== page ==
Dig a Pony - The Anthology chooses to give us a somewhat shaky runthrough of this Lennon tune - one not nearly as good as the rooftop version on the Let It Be album.  We do get to hear the "All I want is" line at either end of the song - something re-producer Phil Spector decided to edit out of that earlier release.  And John forgets his own lyrics in a few spots, which is not unusual for him, though the tricky wordplay of this composition makes it understandable in this instance.   

Two of Us - Another ragged runthrough - this time of a McCartney number.  The Beatles seem to be still working out the arrangement at this point, with no drumwork from Ringo before the bridges and some hesitant guitar picking the second time around.  Paul and John are also uncertain of which lyrics to sing at the beginning of some of the verses.  And the track is oddly faded out before it would come to a natural stop, as all of these live tracks were required to do.

For You Blue - The boys only spent one day working on this Harrison composition, yet they seemed to have a lot of fun doing so.  Paul plays an intro on piano on this take, though he does not take a solo during the instrumental break.  George's acoustic and John's slide guitar parts and Ringo's drums are pretty much the same as on the master.

Teddy Boy - McCartney tried to sell the group on this song on two separate occasions, both of which are represented on this combined take.  John grows bored at one point and starts calling out as if he were at a square dance in time to the music.  Paul would have to wait until he began work on his first solo album to make a proper recording of this little gem.

Medley: Rip it Up/Shake, Rattle and Roll/Blue Suede Shoes - Countless oldies were played during these sessions.  Few were complete versions and many were merely a line or two, but an extended medley occurred on January 26th.  Since there was no thought of releasing this jam, John and Paul's shared vocals are half-hearted in places, but the playing by the Beatles and Billy Preston is quite good on this sequence of tunes by some of their rock and roll heroes.

Monday, January 12, 2015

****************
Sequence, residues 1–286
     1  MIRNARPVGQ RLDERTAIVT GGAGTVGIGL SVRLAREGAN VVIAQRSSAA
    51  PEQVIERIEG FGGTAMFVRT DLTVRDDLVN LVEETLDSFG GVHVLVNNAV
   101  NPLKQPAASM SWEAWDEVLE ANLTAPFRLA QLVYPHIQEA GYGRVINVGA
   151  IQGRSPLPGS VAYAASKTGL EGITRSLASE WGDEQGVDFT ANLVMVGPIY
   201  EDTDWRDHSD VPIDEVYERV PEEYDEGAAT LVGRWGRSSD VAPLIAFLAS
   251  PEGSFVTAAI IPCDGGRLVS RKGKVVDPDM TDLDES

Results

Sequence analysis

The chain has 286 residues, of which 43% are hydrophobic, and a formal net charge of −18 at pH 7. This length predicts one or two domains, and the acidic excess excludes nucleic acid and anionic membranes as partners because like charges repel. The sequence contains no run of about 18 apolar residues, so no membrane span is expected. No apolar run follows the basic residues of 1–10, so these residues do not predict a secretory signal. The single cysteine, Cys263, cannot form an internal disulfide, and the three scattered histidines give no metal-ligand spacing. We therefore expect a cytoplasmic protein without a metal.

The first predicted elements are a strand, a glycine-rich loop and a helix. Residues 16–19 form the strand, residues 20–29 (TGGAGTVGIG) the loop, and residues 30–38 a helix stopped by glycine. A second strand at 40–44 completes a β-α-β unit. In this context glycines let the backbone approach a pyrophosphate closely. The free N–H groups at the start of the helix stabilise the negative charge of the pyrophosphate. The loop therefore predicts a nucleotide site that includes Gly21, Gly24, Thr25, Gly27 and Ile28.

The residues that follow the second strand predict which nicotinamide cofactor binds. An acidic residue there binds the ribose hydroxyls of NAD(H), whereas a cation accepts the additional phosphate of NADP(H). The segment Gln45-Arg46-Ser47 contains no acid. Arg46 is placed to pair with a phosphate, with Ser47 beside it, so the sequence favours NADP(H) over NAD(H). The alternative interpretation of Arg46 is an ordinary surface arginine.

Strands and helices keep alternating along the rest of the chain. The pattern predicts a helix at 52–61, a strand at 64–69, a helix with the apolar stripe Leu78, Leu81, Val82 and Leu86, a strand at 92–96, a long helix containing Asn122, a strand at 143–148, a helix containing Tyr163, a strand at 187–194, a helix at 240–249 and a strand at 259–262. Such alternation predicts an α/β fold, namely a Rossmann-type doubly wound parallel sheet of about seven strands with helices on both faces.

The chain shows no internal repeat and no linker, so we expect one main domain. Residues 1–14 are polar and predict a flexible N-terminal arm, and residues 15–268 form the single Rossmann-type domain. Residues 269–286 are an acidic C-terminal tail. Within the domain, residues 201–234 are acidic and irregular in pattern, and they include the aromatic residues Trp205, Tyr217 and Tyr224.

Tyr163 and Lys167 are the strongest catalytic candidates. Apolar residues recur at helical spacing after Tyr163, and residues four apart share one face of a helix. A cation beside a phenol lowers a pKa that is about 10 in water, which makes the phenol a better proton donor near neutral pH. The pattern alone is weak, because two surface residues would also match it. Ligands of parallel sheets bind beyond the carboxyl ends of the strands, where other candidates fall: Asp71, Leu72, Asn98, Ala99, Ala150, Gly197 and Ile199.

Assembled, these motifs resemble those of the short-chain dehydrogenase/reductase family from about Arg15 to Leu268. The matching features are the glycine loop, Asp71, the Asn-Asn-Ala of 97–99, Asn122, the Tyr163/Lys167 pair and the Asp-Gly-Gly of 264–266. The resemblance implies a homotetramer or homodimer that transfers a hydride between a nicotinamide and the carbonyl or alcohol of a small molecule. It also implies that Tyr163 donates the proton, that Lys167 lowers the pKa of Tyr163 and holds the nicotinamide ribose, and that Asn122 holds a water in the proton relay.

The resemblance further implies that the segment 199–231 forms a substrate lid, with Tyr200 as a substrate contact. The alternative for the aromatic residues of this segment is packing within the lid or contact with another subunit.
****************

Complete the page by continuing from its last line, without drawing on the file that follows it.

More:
ANTHOLOGY 3 - side three

Glass Onion - This performance by the Beatles of this Lennon composition is the master version, but John decided to add sound effects to it during producer George Martin's extended holiday from the "White Album" sessions.  When Martin returned, he suggested a score for strings instead of the ringing telephone, breaking glass and shouts of "It's a goal!" - an idea John embraced.

Rocky Raccoon - Take 8 of this McCartney composition finds the basic instrumentation in place, but Paul is still making up lyrics here and there.  John suggests the line "he was a fool unto himself" for the spoken introduction before they start playing and Paul gamely gives it a try.  Rocky is from Minnesota on this take and Paul reacts to his verbal fluff "sminking with gin" instead of "stinking" among numerous other variations.

What's the New Mary Jane - For me, these are the most excruciating six minutes that the Beatles ever committed to tape.  The first couple of minutes are almost redeemed by some typical Lennon wit in the lyrics, but the tune he sets them to is mediocre at best.  The track then devolves into aimless, amateurish banging away on piano, guitar and various percussion instruments far too long for no good reason.  The decision to keep this mess off of the "White Album" must have been a no-brainer.

Step Inside Love/Los Paranoias - This track fades in on an impromptu version of a song McCartney wrote for Cilla Black's TV show.  As this occurred during a session for the basic track of his song I Will, Paul is on acoustic guitar with John and Ringo providing percussion.  Before resuming a proper take of the new composition, John's remark of "Los Paranoias" spurs Paul to ad lib a silly new song, which fades out after a minute.  All in all, this is a fun look at the creative synergy the group could still muster at its best moments.

I'm So Tired - This slow Lennon rocker was recorded in a single night.  The Anthology presents a version of the basic track made from three separate takes.

I Will - The Anthology now returns to the session for the basic track of this number - to the very first take, in fact.  The entire arrangement is already set, but Paul would not be satisfied until take 67 that he, John and Ringo had gotten it right.

Why Don't We Do It in the Road? - Take 4 of this McCartney number reveals that Paul originally sang one verse softly, switched to the howling voice he wound up using on the master, then continued alternating.  After several verses, he stops and asks, "What do you think?"  The next take would be the master, so the decision to stick with the strident voice throughout was made at this point.

Julia - Lennon's only solo performance as a Beatle was this beautiful tribute to his mother.  He starts singing here on take 2, but quickly stops and concentrates on his finger-picking.  When he begins singing again midway through the song, his playing breaks down.  This is followed by a fascinating exchange with Paul, who has been listening up in the control booth.  John is respectful and almost deferential to his longtime partner - a far cry from the disdain he would project in many future interviews.